Tuesday, January 29, 2013


Adam Smith defined Economics as the process of wealth creation, but by the early 20th century the economists of the time stated a different purpose for Economics. Economics became the process of redistributing wealth. Redistribution is one of the cornerstones of Keynesian economic policy. The idea begins with the assumption that money is unfairly distributed. This is based on the observation that the amount of money possessed by some people does not seem to be based on fairness. This was definitely the case when Kings and Sultans possessed most of the wealth in their countries. This unequal distribution resulted from their control over the manufacturing of money. For hundreds of years money was simply a product of the monarchy. The common man earned money by doing things for the monarch. This traditional way of distributing money is still advocated by many economists as a solution to the disruptions of money flows during a financial crisis. Their logic is that the state creates the money, let the state decide who gets a share. These economists believe the state is much wiser at determining who gets what than the market system. Or that the market system is imperfect and can be improved by strategic monetary infusions by the state. This modified monetary structure is justified, because it is the right thing to do. The poor need care. The weaker members of the flock need shelter and food, and only the state can do so with the proper level of concern.
The origins of these traditions trace back to the concept of compassion. Compassion is a key virtue promoted by all major religions in the world. It is a quality that all religious people should seek to integrate into their actions. Therefore, the fact compassion permeates our economic traditions is no surprise. Likewise, it is no surprise that the competing secular philosophy of the market system is characterized as evil or godless. Such criticism is simply a protective religious response to a system that does not on first glance appear to have compassion at its heart.
Money must be distributed throughout a community for there to be a vigorous and robust economy. If money is left in the local bank or buried in the backyard, most people will not earn enough money to feed their family or pay their bills. Money needs to circulate and expand. Circulation or distribution can occur in two ways. A strong political leader can control all money through taxation or by managing the printing presses. Then it is a simple matter of determining who gets what. Most monarchies tried this method with greater or lesser degrees of success through the 19th century. Louis XIV used the construction of Versailles to distribute money in his society through the craftspeople and suppliers working on the project. Napoleon used his soldiers to spend money into the French economy. In other countries he used his soldiers to rob or plunder for survival. In the twentieth century Central Banks allowed private banks to make loans to emerging businesses to encourage economic expansion of the economy. The amount of wealth created in the twentieth century is greater than all the previous centuries combined. Clearly, no other system worked as well as the system employed in the 20th century when it came to the amount of wealth created. So what does history teach us? Based on the results obtained in the twentieth century versus the wealth creation in all previous centuries, it is clear the market system creates more wealth and quicker than any other system of wealth accumulation.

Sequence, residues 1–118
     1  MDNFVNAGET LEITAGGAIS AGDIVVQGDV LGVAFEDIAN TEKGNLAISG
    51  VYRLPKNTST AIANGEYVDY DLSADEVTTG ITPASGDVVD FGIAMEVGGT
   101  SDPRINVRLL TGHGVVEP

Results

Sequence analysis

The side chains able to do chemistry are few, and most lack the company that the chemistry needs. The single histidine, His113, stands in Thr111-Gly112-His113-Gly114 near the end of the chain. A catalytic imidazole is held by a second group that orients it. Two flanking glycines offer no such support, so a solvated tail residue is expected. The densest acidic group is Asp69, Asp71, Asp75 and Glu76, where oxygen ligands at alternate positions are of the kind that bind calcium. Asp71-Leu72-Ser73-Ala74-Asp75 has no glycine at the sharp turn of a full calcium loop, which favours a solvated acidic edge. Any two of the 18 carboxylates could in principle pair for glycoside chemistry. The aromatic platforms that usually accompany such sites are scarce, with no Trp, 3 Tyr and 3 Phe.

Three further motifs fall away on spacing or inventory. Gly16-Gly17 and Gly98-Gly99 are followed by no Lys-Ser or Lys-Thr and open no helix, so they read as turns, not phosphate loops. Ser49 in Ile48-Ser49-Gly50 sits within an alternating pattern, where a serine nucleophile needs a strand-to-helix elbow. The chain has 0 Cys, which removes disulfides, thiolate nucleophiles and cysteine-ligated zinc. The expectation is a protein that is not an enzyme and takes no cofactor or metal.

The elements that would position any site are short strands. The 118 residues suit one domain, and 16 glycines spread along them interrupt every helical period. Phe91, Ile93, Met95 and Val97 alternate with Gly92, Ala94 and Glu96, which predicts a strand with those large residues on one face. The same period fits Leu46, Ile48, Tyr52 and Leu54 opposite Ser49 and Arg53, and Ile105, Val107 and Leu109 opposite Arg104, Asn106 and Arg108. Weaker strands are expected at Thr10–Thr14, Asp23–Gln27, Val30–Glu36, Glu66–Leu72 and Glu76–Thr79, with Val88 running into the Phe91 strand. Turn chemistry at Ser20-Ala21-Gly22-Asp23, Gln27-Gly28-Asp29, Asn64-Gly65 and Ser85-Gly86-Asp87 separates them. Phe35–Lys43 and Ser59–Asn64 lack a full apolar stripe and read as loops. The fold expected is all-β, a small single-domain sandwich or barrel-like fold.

Redistribution is not a system of wealth accumulation. It is really a system of reengineering the last stage of the wealth accumulation process to redirect the final destination of the money accumulated. Redistribution ends up being a mirage even for those people who benefit from the redistribution. Why, because the government’s tax piece will be quickly replaced by higher prices and greater profits by the people who run businesses. This is why it costs more to live in New York or San Francisco (two of the most highly taxed communities in the country).
So, if I have convinced you redistribution is not a wealth accumulation process than what is the wealth accumulation process for the followers of the redistribution mantra? The wealth creation process for the business sector is capitalism. The wealth accumulation process for the government sector is the taxation process. One can argue that this is not really a wealth accumulation process since all the money is created by the market economy of the private sector.
The conclusion economists must draw from this process is that redistribution is not an effective wealth creation process. Redistribution just moves money from one side of the table to the other. It is a redistribution process like poker is a redistribution process without the fun. Just like a casino, government takes a fee for setting up the game.
Redistribution is not an economic concept. Redistribution is a justice concept. It is based on fairness and judgments about what is "right." This type of legal right does not belong in an economic discussion, because economics is not morally based. Redistribution is used as a justification for government to intervene in the market economy and correct the errors. This makes redistribution a government technique, not an economic principle. Redistribution may be the right thing to do, but that is only because the citizenry agreed it was.

To return to Adam Smith, redistribution is not a wealth creation process so it does not fit the definition of an economic process. Redistribution is a social process. As such redistribution should not be a consideration during optimization of the economic system. Many economists claim Economics is about a "fair" distribution of income, but it is not. Economics is about creating wealth.

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